Mayo Clinic retained its position at the top of the U.S. News & World Report list of the best hospitals for the second year in a row.
The publication’s annual “Honor Roll” calls out the 20 hospitals that it determines provide “exceptional treatment across multiple areas of care.” Rounding out the top five were the Cleveland Clinic, Johns Hopkins Hospital, Massachusetts General Hospital and UCSF Medical Center.
This year’s results also included 152 hospitals ranked across 16 specific specialties. Among these, the Hospital for Special Surgery in New York and the Mayo Clinic took the top spots for orthopedics; the Cleveland Clinic and Mayo Clinic topped the list for cardiology and heart surgery; and the University of Texas MD Anderson Cancer Center and the Memorial Sloan Kettering Cancer Center in New York ranked first and second for cancer treatment, respectively.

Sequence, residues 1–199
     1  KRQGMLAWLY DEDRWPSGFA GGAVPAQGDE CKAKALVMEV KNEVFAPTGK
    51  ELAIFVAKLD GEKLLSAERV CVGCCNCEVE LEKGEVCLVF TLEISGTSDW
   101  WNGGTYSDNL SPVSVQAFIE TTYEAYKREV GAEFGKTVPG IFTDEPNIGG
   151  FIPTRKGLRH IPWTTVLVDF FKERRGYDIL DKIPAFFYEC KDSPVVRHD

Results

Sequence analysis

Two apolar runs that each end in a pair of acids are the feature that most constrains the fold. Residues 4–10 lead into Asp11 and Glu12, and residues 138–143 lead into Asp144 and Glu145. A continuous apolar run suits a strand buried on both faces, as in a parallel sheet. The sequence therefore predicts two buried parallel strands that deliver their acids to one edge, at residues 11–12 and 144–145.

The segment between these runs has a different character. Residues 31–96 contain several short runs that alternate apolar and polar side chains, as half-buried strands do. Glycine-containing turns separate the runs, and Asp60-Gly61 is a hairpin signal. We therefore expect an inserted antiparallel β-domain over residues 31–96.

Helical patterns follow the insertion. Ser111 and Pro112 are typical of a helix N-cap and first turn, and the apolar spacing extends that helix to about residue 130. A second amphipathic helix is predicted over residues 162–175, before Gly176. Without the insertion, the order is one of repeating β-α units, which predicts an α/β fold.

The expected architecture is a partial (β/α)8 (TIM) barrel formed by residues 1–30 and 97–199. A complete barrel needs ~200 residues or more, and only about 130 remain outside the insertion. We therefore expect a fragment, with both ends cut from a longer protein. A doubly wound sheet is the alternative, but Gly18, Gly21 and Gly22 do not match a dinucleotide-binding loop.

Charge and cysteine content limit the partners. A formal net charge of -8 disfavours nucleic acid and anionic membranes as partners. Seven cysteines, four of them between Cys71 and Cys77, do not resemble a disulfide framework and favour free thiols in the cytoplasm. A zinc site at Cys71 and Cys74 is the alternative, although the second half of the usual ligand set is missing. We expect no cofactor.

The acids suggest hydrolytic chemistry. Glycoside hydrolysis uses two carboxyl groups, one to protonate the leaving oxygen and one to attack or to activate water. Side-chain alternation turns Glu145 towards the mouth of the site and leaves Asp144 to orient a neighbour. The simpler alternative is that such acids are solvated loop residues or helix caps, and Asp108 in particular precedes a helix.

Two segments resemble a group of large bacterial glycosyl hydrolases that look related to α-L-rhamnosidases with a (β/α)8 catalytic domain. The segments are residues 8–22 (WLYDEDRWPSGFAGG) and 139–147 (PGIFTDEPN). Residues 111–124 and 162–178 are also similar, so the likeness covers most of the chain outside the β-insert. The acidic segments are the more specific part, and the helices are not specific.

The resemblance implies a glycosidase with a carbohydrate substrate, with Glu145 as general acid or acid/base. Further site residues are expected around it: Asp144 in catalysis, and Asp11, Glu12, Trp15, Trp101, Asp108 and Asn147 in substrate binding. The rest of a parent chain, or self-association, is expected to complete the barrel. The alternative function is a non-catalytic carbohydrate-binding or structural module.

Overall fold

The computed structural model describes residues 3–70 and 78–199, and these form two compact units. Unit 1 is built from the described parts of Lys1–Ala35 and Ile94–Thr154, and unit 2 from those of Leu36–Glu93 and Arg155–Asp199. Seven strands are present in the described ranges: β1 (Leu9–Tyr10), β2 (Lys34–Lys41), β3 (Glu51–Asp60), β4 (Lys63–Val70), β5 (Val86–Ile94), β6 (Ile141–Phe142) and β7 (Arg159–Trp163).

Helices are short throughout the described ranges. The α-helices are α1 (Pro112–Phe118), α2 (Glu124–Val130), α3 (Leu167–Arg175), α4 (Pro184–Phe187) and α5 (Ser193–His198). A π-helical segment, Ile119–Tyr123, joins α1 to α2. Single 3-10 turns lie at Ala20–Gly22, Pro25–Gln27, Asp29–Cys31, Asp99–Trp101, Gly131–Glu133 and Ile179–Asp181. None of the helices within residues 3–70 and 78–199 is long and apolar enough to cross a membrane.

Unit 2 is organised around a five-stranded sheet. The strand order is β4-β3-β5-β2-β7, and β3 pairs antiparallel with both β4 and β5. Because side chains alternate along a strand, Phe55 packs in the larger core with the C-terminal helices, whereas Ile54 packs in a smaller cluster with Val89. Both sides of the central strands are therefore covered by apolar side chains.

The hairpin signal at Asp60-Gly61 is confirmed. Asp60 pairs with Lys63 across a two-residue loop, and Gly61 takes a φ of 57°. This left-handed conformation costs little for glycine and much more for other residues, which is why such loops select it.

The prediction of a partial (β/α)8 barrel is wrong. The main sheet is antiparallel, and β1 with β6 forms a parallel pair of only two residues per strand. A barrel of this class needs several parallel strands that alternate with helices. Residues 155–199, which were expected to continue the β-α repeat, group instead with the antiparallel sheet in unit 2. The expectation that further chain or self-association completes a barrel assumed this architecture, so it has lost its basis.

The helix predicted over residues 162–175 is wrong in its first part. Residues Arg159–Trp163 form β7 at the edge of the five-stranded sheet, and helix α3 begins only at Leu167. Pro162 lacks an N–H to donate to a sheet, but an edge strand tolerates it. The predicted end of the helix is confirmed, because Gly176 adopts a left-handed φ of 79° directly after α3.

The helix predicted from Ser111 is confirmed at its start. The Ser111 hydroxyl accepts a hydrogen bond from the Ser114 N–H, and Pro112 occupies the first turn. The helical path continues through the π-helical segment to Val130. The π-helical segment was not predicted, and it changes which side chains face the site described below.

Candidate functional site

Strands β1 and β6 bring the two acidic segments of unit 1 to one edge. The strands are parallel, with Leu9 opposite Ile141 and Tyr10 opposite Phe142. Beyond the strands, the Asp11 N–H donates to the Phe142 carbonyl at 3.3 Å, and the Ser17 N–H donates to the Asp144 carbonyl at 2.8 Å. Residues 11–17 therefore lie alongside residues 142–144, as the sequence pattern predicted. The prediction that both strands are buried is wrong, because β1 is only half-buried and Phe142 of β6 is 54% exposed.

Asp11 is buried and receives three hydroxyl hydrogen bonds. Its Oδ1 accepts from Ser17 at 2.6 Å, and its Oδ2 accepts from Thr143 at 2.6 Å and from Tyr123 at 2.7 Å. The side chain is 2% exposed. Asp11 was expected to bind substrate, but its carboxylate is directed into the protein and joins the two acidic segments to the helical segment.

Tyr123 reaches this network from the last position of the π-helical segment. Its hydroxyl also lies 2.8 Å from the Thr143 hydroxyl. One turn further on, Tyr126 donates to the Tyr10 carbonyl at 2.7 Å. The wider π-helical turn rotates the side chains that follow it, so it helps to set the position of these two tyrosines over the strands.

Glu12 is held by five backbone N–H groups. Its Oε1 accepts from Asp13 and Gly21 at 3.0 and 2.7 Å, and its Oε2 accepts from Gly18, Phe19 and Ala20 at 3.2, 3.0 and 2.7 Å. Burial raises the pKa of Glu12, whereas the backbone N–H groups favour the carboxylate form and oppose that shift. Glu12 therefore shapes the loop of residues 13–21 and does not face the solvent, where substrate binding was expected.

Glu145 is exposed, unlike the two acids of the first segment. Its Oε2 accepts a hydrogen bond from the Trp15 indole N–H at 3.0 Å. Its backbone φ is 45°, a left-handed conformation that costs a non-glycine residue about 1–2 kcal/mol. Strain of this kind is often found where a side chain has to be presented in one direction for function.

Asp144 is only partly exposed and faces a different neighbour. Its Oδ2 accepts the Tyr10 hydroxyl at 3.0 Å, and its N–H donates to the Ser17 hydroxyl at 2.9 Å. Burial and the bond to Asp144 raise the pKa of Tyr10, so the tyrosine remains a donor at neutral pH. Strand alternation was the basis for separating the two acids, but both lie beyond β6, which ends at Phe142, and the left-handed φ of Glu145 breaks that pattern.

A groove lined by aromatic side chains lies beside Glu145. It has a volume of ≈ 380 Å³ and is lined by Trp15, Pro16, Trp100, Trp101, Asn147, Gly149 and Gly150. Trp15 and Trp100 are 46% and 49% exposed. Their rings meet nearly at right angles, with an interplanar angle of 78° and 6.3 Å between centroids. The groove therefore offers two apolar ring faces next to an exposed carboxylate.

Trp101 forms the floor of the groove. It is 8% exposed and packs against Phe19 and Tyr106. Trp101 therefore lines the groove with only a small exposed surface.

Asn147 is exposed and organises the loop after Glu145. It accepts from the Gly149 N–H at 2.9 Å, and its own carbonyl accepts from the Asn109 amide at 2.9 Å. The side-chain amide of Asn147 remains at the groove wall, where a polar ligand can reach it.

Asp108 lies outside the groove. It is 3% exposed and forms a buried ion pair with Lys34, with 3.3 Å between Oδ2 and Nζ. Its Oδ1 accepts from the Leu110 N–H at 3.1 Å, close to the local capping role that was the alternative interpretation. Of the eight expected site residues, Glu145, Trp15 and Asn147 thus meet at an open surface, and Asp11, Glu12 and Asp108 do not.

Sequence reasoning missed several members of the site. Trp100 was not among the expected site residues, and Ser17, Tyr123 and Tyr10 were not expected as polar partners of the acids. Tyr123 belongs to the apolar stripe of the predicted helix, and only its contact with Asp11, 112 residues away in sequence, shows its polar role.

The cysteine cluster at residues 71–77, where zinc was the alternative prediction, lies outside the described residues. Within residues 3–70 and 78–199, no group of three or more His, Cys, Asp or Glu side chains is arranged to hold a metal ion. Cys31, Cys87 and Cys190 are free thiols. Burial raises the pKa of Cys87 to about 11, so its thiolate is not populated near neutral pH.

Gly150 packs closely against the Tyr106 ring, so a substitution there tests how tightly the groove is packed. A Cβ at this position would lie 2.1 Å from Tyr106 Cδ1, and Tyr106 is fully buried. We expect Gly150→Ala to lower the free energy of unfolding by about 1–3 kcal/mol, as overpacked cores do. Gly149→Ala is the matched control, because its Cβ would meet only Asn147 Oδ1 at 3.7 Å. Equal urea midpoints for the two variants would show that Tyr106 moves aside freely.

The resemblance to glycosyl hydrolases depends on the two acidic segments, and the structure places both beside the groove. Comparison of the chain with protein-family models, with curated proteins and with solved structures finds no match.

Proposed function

Changes to this year’s scoring methodology mainly sought to include a higher volume of objective data underlying the rankings. The publication upped the amount of Medicare data it uses to produce the rankings from the 3 years it used previously to 5 years of data this year, alongside increased emphasis on the volume of patients hospitals see.
Other changes focused on weighting patient populations for socioeconomic status and high-risk transfers.
The publication also produced a list of the 535 best hospitals in major regions, with rankings based upon performance in both complex and common care in each state and metro area.
For these ratings, U.S. News de-emphasized its previous use of specialty rankings in favor of “procedures and conditions” ratings which rely on more objective underlying data, such as patient safety and experience, nursing care quality, and survival and readmission rates.
These tweaks follow major changes to the publication’s previous methodology, implemented last year partially in response to criticisms of Medicare’s Star Ratings system.